Doing your part in ensuring security and public safety
Police and security forces are hard at work but public safety is the responsibility of all Americans. We are the first line of defense against acts of terrorism on our country and each individual’s help is needed. All Americans need to be on alert for potential risks.
See Something, Say Something is an important mandate that we should all action on every day. The attempted car bombing in Times Square in 2010 was averted by the vigilance of a quick-thinking street vendor who witnessed smoke coming from an SUV and alerted police. This potentially saved hundreds of lives had the device functioned as it was nefariously intended.
The upcoming Big Game at MetLife Stadium creates a pressing need for the people of New York and New Jersey to be on alert. This event is a great opportunity for our region and we must all play a role in maintaining a safe and secure environment and reporting suspicious behavior.
Take Note of Suspicious Behavior
Suspicious activity can be defined as an incident, circumstance or person who appears out of the ordinary and out of place. A range of suspicious behavior includes the adult loitering alone in the children’s playground, or someone wandering down the street peering closely into car windows. A person taking lots of photographs of a building’s infrastructure is potentially suspicious as this person may be taking images to look for weaknesses in the building that can be exploited. Someone tampering with a utility that is not branded with an identifiable company or government agency is suspicious.
Hearing unusual sounds—glass breaking, people shouting, gun shots—all are clearly suspicious. Seeing a bag left by a passenger on a bus or in a public place and demands immediate action by alerting security or calling 911.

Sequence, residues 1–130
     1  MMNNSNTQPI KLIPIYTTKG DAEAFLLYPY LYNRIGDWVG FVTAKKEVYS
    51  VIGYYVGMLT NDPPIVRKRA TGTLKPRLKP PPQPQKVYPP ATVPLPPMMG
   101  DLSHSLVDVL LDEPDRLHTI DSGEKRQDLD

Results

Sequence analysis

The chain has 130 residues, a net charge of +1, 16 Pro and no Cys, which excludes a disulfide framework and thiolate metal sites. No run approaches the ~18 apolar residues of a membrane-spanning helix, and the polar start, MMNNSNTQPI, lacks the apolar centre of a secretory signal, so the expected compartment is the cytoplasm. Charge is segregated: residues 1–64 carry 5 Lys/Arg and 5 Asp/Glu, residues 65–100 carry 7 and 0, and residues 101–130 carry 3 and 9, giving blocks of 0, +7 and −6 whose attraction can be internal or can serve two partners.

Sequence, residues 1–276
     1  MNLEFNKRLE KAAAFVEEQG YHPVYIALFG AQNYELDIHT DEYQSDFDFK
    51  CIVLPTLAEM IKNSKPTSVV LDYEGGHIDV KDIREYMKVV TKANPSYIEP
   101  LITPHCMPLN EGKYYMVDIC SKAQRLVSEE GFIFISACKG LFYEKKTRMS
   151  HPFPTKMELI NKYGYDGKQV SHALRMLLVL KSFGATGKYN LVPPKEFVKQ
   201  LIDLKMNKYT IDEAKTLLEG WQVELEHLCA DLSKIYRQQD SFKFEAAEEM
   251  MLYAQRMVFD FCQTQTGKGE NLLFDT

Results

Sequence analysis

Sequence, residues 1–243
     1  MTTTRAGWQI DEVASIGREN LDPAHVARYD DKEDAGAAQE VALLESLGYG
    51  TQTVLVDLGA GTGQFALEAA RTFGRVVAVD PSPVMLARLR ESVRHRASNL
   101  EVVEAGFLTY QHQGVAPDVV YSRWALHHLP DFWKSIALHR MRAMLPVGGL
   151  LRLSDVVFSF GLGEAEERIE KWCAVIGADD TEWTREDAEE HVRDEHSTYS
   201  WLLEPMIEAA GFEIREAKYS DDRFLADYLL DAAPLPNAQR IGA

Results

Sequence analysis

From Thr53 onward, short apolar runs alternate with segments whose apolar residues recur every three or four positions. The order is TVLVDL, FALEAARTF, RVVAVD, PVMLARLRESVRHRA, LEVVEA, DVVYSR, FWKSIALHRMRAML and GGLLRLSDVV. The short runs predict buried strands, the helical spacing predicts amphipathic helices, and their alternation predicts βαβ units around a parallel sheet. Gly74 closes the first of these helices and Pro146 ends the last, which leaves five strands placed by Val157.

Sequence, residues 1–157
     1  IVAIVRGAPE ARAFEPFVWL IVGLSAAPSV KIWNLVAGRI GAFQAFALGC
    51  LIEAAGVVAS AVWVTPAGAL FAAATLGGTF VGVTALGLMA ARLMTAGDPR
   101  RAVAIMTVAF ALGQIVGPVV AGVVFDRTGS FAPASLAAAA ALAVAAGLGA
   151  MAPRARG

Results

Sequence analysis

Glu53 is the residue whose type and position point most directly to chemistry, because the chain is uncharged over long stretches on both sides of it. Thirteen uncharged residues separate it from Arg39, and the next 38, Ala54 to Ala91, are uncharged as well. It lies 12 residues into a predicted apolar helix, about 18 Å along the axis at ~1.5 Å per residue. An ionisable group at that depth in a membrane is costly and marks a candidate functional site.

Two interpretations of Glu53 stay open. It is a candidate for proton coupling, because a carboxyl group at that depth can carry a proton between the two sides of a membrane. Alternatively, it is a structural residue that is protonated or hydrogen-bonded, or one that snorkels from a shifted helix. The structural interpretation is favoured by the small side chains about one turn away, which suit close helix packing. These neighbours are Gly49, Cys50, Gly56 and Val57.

Record Suspicious Activity
Write down as much information about the suspicious behavior as possible, noting the time and place with a physical description of the suspicious person. If you are able to discreetly take a photo or video of the person from your phone, this could become important evidence. Minus photographic evidence, try to provide specific information to the authorities including gender, race, approximate age, height and weight, hair color and style, clothing, and general appearance including note of any facial hair, scars, tattoos or glasses.
Educate the Workplace
Even workplaces with a full-time security team need to involve their employees and promote the See Something, Say Something campaign. The security team cannot be in every hall way, office and production area at all times—but your employees are. It is the observations of many that can truly make an impact.
All employees should be educated on what constitutes suspicious activity and the importance of reporting it.
Establish Reporting Procedures in the Workplace
Determining the chain of command on reporting procedures for suspicious activity is important. When is it appropriate for employees to call the police? If an employee feels immediate attention is necessary, they should call 911. Does the level of activity warrant an initial investigation from your security firm or company manager? Establish guidelines and procedures that encourage reporting in your workplace.
Encourage your friends, neighbors and colleagues to be observant and vigilant on the job and even on their way to work. If there is a stray tote bag tucked under the bus or subway seat, report it to the local police. If a stranger walks into the office without having been identified by your front desk security personnel, ensure that is reported immediately. Vehicles abandoned in the right of way should also be reported to local authorities. These situations can be completely innocent, but they could also be very dangerous and are worth a call to the local police.
For more information on implementing a See Something, Say Something campaign in your workplace visit www.AlliedBarton.com/SeeSomethingSaySomething.
Steven Dentz is a Director of Business Development for AlliedBarton Security Services. He can be reached at firstname.lastname@example.org.